During a walk in the Seine, Gil bumps into Gabrielle. Then, it starts to rain. He offers to walk her home. Then, they both learn about their mutual love for Paris in the rain.
Midnight In Paris – Ending Explained
What is Midnight In Paris about? The film is mainly about nostalgia and escapism. As Paul puts it: “Nostalgia is denial. Denial of the painful present.” In other words, people tend to romanticize the past because they have difficulty coping with the present. Having said that, the time travelling in the film is a metaphor for escapism. What led Gil to enter that car full of strangers? At the moment, he wanted to escape from his “dull” present.
Why didn’t he stay with Adriana? First, he left Adriana because la Belle Époque was not his golden age. Second, he came to the realization that everybody romanticizes the past. Therefore, escaping to a different past is not the solution. Instead, one should embrace what the present has to offer. For that same reason, he decided not stay in the 1920s.
Gil Pender – Character Analysis
Gil is on a self-discovery journey. All of his trips to the past enabled him to learn a little more about himself and what he wants in life. Towards the end, he becomes more confident about his life’s direction. As a matter of fact, he came to several realizations. First, he should pursue his writing aspirations. Second, he should move to Paris.
Although Gil’s character is extremely likeable, he’s also a bit spineless and his morals are questionable. For instance, Gil likes Adriana but he doesn’t want to stay with her. Honestly, Gil doesn’t know what he really wants. His engagement to Inez is another prime example. Gil is an engaged man, but he still allows himself to fancy other women during his time travel escapades. What does that say about Gil’s morals? Inez was indeed insufferable, but her fiancé wasn’t better than her. He tried to steal her earrings to gift them to another woman!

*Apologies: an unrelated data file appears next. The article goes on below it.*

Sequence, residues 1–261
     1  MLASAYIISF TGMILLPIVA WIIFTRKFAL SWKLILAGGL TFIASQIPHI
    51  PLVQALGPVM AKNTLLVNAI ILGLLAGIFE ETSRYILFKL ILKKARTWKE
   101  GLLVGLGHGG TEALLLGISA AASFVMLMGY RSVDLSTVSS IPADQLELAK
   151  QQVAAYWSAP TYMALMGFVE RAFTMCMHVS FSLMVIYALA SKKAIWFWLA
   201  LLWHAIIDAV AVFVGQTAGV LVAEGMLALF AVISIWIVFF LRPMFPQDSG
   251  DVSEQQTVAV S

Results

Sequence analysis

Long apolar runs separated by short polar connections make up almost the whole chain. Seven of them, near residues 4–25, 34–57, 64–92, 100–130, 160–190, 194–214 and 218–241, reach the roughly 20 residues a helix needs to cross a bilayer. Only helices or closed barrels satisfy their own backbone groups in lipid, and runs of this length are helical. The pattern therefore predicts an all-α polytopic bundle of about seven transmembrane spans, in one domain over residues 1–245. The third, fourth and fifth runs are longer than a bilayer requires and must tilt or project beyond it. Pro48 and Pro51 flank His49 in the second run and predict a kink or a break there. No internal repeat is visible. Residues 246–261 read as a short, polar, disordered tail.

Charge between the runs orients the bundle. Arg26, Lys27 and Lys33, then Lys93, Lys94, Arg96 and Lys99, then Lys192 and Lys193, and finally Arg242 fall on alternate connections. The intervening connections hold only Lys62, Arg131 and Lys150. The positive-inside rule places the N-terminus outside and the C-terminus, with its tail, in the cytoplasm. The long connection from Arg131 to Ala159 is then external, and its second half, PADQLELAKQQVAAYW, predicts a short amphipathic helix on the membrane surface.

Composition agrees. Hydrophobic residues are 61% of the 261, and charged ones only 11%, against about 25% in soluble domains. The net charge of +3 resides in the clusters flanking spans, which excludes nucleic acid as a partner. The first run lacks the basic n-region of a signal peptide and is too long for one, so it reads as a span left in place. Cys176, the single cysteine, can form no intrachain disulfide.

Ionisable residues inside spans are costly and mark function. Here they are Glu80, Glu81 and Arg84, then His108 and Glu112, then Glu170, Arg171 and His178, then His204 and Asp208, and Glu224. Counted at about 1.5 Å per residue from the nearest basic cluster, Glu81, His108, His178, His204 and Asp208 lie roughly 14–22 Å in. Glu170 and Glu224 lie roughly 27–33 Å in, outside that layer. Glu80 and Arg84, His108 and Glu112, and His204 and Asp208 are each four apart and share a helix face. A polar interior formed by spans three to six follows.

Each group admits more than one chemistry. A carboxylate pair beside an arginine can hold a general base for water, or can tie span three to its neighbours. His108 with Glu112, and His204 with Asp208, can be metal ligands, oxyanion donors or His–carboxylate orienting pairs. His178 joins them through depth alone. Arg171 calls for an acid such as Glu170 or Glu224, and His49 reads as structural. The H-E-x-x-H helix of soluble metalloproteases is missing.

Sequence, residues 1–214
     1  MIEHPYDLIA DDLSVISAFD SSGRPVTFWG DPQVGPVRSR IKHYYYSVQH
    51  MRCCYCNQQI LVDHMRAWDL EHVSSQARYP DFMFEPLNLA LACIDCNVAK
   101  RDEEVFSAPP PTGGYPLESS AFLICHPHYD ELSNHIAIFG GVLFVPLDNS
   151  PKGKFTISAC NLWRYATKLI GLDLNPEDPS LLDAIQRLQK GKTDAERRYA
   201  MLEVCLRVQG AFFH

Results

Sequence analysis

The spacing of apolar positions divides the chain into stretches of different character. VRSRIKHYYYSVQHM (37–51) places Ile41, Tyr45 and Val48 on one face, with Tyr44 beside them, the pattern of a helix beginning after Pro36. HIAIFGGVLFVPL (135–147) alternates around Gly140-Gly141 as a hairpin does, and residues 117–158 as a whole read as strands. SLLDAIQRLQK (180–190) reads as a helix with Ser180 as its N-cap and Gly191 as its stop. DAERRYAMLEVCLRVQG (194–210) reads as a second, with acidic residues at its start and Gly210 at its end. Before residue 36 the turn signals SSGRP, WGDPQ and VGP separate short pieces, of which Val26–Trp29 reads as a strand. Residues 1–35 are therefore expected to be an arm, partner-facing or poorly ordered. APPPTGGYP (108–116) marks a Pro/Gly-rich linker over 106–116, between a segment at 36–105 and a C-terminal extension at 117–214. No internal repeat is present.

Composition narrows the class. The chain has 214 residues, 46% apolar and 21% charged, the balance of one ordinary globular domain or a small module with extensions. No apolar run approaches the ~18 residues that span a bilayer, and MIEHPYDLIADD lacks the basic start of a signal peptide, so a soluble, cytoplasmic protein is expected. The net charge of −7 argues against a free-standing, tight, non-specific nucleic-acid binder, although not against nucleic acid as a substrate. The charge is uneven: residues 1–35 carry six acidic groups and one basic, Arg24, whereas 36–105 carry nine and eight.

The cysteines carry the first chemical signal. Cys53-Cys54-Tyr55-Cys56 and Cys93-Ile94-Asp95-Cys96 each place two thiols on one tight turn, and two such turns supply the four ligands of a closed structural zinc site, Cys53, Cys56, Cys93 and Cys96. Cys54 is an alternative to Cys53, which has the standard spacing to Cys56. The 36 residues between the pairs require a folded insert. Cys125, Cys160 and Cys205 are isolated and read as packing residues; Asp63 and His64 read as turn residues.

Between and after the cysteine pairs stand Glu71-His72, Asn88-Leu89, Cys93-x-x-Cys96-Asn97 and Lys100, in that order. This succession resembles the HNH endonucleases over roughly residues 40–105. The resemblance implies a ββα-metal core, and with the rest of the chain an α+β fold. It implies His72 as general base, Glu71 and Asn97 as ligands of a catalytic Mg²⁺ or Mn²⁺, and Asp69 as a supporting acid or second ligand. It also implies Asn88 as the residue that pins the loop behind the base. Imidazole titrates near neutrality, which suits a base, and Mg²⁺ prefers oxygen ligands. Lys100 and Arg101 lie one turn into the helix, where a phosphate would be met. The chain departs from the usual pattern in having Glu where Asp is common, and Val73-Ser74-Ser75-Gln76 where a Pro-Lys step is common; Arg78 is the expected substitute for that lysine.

ADD TO YOUR COLLECTION
Is Midnight In Paris fantasy or reality? Well, it depends. If you take it literally, then yes, time travel happens in the film. Gil really meets all those famous figures presented in the film. However, the whole film could also be read as a dream. All those encounters, could be manifestations from Gil’s conscience. After all, he’s trying to learn more about himself and confront parts of himself that he doesn’t want to deal with (i.e. Inez cheating on him).
Having said that, there’s no real logic behind a film like Midnight In Paris. However, if you are able to get over the time travelling aspect of the film, you’ll find Midnight In Paris quite magical. Nostalgia is definitely the recurrent theme of film. Gil is living in the present, but he’s fantasizing about the past. Throughout the film, you realize that everyone romanticizes the past.
Overall, Midnight In Paris is an unforgettable visual experience. That’s why I enjoy Woody Allen’s films. As I was watching it, I felt like I was there. Though, I wasn’t feeling too empathetic about Gil’s character, I understood his motivations. All the other characters felt a bit one-dimensional, except Adriana. Unlike Inez, it’s harder to pin-point who/what Adriana really is. In addition, the cameos were just precious to watch. I mean, where else will you ever find Ernest Hemingway and F. Scott Fitzgerald in the same scene? Priceless.